Treatment for pancreatic NETs
Here we discuss treatment for the rarest type of pancreatic tumours: neuroendocrine tumours (NETs). Some pancreatic NETs produce hormones (functioning), while most don’t (non-functioning). About 90% of pancreatic NETs are non-functioning. This section focuses on the treatment of non-functioning pancreatic NETs.
Learn more about:
- An overview
- Where should you have treatment
- Active surveillance
- Making treatment decisions
- Surgery for early pancreatic NETs
- What to expect after surgery
- Treatment options for advanced pancreatic NETs
Treatment of pancreatic NETs is complex. Your treatment team will discuss the best treatment for you based on the stage and grade of the tumour; whether the tumour is functioning or non-functioning; whether the tumour is associated with an inherited condition; your general health; and your preferences.
Functioning tumours are very rare and are usually managed by an endocrinologist and surgeon. Contact Cancer Council 13 11 20 or NeuroEndocrine Cancer Australia for information about treating functioning pancreatic NETs.
Where should you have treatment?
To ensure the best outcome it is recommended that you are treated by a multidisciplinary team in a specialist centre. Specialist treatment centres have multidisciplinary teams of health professionals experienced in treating pancreatic cancer. These centres see a lot of people with pancreatic cancer and are also associated with better outcomes.
Visiting one of these centres gives you access to a wide range of treatment options, but it may mean you need to travel away from home for treatment. To find a specialist treatment centre for pancreatic nets, talk to your GP.
If you live in a rural or regional area and have to travel a long way for appointments or treatment, ask your doctor what support is available to coordinate your trip. You may also be able to get financial assistance towards the cost of accommodation or travel. To check whether you are eligible or to apply, speak to your GP or the hospital social worker, or call Cancer Council 13 11 20.
If you are diagnosed with a small, low-grade pancreatic NET that is not causing any symptoms or releasing hormones, your doctor might recommend active surveillance. This involves regular imaging and blood tests. If these tests suggest that the tumour has grown, you will be offered treatment (usually surgery).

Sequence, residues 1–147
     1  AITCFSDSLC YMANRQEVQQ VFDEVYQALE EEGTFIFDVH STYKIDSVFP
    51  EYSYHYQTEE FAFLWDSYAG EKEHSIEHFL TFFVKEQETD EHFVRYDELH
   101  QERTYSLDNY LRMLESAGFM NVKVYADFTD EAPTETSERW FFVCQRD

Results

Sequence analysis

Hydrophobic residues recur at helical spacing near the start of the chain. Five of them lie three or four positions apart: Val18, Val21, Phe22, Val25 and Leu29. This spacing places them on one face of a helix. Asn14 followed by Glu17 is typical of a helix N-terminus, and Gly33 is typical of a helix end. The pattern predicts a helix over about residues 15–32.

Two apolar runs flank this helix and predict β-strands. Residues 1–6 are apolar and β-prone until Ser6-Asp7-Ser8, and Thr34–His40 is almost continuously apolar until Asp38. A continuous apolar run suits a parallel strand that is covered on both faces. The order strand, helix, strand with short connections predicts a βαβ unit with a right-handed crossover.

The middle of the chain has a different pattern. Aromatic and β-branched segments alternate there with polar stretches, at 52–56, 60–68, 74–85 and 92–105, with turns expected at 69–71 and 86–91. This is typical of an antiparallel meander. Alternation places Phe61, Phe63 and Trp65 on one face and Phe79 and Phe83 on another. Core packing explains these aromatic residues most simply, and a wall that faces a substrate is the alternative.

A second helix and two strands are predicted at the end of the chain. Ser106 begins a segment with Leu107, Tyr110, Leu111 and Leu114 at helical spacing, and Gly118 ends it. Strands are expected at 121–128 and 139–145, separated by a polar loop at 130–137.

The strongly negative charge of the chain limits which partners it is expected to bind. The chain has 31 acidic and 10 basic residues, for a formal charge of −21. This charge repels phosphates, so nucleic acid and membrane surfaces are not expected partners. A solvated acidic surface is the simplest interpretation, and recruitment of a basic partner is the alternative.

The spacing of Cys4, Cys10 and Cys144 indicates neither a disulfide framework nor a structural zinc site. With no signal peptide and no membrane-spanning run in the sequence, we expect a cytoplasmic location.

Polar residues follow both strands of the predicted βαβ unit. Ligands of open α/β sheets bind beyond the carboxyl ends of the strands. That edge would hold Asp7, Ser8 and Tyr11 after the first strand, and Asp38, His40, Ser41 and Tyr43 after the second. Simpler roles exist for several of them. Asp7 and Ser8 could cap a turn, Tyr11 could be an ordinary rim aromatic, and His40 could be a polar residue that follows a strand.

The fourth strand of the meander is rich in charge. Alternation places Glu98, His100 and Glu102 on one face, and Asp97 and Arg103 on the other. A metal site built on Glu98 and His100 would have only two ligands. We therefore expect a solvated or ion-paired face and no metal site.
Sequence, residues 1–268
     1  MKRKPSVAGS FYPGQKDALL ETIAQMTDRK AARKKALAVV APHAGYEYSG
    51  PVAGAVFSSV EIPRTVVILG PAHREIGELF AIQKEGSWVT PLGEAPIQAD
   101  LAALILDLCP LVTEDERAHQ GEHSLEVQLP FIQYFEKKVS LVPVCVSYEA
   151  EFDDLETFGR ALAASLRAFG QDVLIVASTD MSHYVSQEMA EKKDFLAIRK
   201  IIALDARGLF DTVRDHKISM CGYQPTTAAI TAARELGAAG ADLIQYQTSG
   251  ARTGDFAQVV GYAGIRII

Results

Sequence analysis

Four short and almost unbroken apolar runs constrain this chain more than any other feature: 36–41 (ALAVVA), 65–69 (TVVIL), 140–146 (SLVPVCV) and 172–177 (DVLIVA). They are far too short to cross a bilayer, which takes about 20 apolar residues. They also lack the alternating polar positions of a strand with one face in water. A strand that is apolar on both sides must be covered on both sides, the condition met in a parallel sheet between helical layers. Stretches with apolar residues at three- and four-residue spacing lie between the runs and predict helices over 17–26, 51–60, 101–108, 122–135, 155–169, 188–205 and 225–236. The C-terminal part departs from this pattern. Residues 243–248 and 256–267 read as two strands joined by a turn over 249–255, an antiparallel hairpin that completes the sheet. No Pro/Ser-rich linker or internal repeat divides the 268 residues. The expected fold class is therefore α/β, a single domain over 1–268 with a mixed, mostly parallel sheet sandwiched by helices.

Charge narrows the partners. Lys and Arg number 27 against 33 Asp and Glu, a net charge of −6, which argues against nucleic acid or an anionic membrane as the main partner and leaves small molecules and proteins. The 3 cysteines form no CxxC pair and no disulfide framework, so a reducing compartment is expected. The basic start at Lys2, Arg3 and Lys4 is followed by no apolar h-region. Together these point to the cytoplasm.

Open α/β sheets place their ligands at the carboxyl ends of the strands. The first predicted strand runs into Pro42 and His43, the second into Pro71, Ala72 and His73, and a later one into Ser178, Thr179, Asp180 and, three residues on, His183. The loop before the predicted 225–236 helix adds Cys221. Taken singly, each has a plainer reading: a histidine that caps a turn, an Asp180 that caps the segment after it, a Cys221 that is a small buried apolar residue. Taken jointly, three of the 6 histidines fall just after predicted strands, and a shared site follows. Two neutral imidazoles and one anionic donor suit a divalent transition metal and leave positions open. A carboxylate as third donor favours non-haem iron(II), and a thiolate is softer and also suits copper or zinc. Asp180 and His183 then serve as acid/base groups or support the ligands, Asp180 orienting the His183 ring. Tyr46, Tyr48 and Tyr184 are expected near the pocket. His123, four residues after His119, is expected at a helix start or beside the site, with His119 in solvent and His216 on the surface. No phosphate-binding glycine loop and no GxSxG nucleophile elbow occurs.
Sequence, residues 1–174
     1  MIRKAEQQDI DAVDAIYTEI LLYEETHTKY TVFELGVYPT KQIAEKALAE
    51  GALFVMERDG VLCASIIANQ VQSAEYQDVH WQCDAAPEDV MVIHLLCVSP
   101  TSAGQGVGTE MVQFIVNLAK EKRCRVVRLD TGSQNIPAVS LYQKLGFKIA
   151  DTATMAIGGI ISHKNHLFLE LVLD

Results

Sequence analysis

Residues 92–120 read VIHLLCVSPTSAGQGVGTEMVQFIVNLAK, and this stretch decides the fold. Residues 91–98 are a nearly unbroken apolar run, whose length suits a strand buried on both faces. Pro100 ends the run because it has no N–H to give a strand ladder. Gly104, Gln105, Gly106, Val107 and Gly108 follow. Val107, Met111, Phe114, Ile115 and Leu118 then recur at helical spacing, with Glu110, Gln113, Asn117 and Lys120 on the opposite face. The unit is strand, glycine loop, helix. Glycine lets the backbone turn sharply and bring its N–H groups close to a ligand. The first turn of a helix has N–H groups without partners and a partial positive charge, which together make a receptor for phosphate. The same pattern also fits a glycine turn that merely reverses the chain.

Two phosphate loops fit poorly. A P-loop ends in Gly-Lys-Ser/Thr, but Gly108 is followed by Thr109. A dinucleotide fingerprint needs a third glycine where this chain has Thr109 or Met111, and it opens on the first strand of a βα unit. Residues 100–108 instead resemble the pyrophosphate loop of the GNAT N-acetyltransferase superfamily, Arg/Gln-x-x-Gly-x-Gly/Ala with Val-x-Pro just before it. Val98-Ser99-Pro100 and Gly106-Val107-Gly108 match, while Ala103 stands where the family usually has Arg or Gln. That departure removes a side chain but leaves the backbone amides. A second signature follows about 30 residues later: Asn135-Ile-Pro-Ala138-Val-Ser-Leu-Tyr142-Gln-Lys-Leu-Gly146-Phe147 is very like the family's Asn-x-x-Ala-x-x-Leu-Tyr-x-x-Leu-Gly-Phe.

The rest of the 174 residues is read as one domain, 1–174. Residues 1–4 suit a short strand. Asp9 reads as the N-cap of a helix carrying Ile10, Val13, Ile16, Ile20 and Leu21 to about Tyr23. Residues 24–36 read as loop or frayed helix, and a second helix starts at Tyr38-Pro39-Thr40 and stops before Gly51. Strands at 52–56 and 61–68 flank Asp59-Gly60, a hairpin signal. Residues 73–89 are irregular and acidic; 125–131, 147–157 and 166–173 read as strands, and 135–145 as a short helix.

Active surveillance might help to avoid the side effects of surgery. It can also be a reasonable option if you are not well enough for surgery and the tumours are small.
You might feel anxious about not treating a cancer in your body right away. However, active surveillance will only be recommended if the doctor thinks it is the best thing to do. If you are worried, discuss your concerns with your specialist, GP or a counsellor.
Dr Lorraine Chantrill, Head of Department, Medical Oncology, Illawarra Shoalhaven Local Health District, NSW; Marion Bamblett, Nurse Unit Manager, Cancer Centre, Fiona Stanley Hospital, WA; Prof Katherine Clark, Clinical Director of Palliative Care, Northern Sydney Local Health District Cancer and Palliative Care Network, and Conjoint Professor, Northern Clinical School, The University of Sydney, NSW; Lynda Dunstone, Consumer; Kate Graham, Accredited Practising Dietitian – Upper GI Dietitian, Peter MacCallum Cancer Centre, VIC; Dr Gina Hesselberg, Radiation Oncologist, St George Hospital Cancer Centre, NSW; Dr Marni Nenke, Endocrinologist and Mary Overton Early Career Research Fellow, Royal Adelaide Hospital, SA; Caitriona Nienaber, 13 11 20 Consultant, Cancer Council WA; A/Prof Nicholas O’Rourke, Head of Hepatobiliary Surgery, Royal Brisbane Hospital and The University of Queensland, QLD; Rose Rocca, Senior Clinical Dietitian – Upper GI, Peter MacCallum Cancer Centre, VIC; Gail Smith, Consumer. We also thank the health professionals, consumers and editorial teams who have worked on previous editions of this title.
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